A different format consisting of 16 sectors of 512 bytes is used for the sound file and gives 630K bytes per disk, a 23 percent increase in potential data rate and capacity. In order to read through the sound file at high speed., it is mandatory to be able to read all of the sectors on a track in one revolution of the disk. In addition, you must be able to step to the next track without waiting for a whole revolution before reading again. Staggering the sector numbers by three on adjacent tracks is utilized to accomplish this. The resulting sustained average data rate from the disk can approach 40K bytes per second.
    The actual playback program currently uses a 20 kHz sample rate with 12-bit samples for a total data rate of 30K bytes per second. At this data rate, an eight-inch diskette holds about 21 seconds of sound. Going to double-sided disks would double the capacity to 42 seconds. Minidisks have about half the capacity, but more important, only half the maximum data rate.
    The synthesis and computation phase of a performance is relatively straightforward on the experimental system. The score file is read from drive 0 using CODOS, and the sound file records are written onto drive 1 using a set of specialized disk driver routines. When a sound disk is filled up, the synthesis program waits for a new disk to be inserted into drive 1.
    When the playback program is called in, CODOS is disabled and the operator is expected to put the first sound disk in drive 0 and the second one in drive 1. When playback starts, the first 21 seconds of sound are read from drive 0 and then an immediate, inaudible switchover to drive 1 is performed. During the next 21 seconds, the operator must remove sound disk 1 from drive 0 and insert disk 3 to be read when disk 2 is exhausted. You can switch back and forth like this indefinitely for music of any duration; the performance at the PC' 80 show required 23 disks for eight minutes of sound.
    The problem in using this system is not the disk jockeying required during playback but the changing of disks during computation. With the music selected for performance, a new disk was required about every 15 to 30 minutes, which means that the computation cannot be left to run overnight with any degree of benefit. Clearly, a 10 megabyte hard, disk would be advantageous here.
    The experimental delayed synthesis program does about the same things as the real-time synthesis program mentioned earlier. The major differences are an essentially unlimited number of voices, interpolation between waveform table entries and interpolation between adjacent waveform tables in the sequence rather than sudden switching. It won't be considered complete until the musical features described previously are implemented.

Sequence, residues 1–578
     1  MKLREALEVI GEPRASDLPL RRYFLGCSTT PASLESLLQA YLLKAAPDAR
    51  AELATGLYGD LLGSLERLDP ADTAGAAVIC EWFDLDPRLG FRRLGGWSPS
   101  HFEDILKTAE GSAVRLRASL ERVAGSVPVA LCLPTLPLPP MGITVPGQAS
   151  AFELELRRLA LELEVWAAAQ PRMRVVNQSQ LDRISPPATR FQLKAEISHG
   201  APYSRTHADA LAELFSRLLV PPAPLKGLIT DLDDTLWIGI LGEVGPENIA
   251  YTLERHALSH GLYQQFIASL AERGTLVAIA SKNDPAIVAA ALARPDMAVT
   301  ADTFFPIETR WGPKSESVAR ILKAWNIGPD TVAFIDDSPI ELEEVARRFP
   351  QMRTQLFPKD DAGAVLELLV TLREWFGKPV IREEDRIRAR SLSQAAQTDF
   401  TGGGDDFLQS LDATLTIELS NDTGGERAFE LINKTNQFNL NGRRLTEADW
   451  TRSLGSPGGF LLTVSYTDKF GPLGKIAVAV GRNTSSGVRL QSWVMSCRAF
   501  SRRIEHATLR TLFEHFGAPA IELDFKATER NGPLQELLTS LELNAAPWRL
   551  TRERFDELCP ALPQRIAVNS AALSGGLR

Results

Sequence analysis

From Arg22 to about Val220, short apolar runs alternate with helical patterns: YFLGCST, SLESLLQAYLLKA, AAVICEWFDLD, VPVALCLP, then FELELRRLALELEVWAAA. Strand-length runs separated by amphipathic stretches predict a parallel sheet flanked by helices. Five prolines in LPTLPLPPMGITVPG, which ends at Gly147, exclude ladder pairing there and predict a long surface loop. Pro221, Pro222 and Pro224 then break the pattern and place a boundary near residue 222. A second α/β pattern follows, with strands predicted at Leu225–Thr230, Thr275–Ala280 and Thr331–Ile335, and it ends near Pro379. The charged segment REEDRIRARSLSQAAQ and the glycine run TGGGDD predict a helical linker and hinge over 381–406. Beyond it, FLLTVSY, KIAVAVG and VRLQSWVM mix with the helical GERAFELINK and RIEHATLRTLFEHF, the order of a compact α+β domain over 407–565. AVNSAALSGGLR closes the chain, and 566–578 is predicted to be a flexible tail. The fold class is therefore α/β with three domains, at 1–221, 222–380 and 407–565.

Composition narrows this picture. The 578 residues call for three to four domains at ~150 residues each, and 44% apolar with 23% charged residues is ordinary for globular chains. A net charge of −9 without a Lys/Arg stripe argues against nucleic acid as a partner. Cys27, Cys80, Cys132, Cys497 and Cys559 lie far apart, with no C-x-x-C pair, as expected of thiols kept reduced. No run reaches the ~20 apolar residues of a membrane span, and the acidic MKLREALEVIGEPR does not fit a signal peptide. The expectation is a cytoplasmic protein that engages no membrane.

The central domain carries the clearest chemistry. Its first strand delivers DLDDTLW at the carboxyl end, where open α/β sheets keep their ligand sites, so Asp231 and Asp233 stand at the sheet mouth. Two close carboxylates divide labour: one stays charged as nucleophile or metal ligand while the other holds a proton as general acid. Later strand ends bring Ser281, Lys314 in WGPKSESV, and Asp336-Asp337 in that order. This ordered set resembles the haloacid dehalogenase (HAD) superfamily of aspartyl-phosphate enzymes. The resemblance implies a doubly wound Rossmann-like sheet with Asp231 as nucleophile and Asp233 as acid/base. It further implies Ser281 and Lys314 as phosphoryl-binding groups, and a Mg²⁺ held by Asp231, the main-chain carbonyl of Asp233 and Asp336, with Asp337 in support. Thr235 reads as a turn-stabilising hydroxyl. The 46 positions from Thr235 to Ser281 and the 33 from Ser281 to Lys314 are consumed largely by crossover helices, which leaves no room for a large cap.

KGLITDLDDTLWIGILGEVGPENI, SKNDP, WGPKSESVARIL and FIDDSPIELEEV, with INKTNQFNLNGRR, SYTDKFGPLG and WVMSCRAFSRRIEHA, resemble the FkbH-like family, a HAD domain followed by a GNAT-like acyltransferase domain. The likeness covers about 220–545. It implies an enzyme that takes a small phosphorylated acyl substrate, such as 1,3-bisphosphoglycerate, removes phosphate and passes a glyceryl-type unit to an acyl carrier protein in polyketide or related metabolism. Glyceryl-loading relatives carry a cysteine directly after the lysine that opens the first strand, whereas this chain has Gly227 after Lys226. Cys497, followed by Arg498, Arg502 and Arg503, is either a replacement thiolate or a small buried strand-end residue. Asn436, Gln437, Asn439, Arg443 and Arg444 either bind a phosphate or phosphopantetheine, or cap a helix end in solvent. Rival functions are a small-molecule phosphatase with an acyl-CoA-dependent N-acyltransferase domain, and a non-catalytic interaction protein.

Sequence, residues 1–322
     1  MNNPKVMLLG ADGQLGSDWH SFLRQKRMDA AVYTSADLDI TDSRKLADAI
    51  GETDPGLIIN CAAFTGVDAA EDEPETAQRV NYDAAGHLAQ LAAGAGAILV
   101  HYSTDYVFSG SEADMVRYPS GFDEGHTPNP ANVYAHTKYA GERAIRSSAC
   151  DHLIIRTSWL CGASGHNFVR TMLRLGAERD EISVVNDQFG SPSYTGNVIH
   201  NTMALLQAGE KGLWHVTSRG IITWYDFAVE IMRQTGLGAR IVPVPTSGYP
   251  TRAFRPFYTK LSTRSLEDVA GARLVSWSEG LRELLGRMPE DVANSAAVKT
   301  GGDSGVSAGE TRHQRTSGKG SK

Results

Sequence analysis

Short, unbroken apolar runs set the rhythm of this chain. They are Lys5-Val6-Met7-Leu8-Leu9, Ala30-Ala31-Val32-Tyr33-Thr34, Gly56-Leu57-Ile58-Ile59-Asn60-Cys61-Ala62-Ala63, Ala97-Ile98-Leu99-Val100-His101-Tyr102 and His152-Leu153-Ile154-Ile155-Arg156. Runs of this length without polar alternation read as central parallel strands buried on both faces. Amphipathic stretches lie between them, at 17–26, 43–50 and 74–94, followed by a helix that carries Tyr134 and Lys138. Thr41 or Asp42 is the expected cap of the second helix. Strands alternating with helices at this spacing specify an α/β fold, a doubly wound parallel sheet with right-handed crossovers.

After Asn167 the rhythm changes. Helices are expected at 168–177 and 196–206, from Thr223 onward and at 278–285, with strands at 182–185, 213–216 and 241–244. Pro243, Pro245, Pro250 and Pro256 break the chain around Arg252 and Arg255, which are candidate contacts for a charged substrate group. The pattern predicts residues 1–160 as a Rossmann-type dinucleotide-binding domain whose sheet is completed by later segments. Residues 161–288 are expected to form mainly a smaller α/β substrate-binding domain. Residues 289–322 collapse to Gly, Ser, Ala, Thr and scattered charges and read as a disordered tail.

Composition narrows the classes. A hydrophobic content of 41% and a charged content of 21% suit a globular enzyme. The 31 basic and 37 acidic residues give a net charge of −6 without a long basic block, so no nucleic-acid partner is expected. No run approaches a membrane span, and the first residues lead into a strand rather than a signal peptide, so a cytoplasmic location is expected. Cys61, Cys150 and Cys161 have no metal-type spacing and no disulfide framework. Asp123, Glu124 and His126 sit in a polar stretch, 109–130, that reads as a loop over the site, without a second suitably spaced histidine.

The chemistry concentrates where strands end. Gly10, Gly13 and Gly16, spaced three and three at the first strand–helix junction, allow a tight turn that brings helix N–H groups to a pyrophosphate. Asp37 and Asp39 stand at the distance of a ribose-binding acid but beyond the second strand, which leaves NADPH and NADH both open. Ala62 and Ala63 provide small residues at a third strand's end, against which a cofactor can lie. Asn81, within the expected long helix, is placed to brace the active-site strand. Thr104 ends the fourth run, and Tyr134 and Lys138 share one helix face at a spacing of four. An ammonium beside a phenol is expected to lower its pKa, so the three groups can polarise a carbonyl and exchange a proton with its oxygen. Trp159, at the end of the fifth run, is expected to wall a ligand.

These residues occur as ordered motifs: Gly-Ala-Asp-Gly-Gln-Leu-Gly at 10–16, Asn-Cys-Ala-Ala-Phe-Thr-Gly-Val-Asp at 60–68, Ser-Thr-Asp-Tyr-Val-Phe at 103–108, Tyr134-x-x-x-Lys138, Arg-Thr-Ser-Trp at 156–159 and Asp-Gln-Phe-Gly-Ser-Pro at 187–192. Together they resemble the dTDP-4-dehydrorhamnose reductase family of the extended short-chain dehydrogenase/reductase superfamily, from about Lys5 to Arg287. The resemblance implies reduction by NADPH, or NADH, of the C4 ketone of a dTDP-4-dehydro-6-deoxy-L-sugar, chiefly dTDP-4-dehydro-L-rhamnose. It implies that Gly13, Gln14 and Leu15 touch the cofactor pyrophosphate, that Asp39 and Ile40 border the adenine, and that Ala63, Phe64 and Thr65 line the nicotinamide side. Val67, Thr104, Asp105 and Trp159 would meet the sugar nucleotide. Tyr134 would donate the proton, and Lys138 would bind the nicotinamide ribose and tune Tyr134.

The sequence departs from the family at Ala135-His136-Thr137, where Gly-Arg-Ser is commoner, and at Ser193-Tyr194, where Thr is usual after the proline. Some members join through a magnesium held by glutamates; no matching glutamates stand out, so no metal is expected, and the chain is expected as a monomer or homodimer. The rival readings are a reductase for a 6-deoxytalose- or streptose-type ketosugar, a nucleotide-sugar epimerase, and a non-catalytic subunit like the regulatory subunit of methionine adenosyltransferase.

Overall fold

The Future


    While these developments may seem exciting now, the future is likely to see many more exciting things happen in the field of music synthesis on microcomputers. The sophisticated programmable synthesizer boards will undoubtedly become more sophisticated and gradually come down in price. Today's square-wave synthesizer chips will probably be supplemented by programmable waveform synthesizer chips that use direct memory access to automatically scan waveform tables in memory. The most exciting prospects are in the software synthesis area, how- ever. The processors used in personal systems will gradually get faster at the machine-language level, which will increase the capability and fidelity of real-time software synthesis. Even a simple step up to 16 bits, which is inevitable, will nearly double the speed of the core sound routine, giving both more voices.and a higher frequency range. Because of the very low cost of including a DAC in the circuitry of a computer most future systems will probably contain built-in DACs.
    On the delayed-playback front, experimental systems such as the one just described will reach full development and make it possible to produce significant music of commercial value with microcomputers. Even the very general and powerful MUSIC-11 system (truly the ultimate in sound synthesis flexibility) has already been implemented on the LSI-11 microcomputer (used in the HeathH11 and Terak systems), and it is only a matter of time before it is available for the more common microcomputers.
    The decreasing cost and increasing' capacity of small hard disks will also. make using a delayed-playback type- of system much more convenient and increase the fidelity even further..



posted : 17 september 2003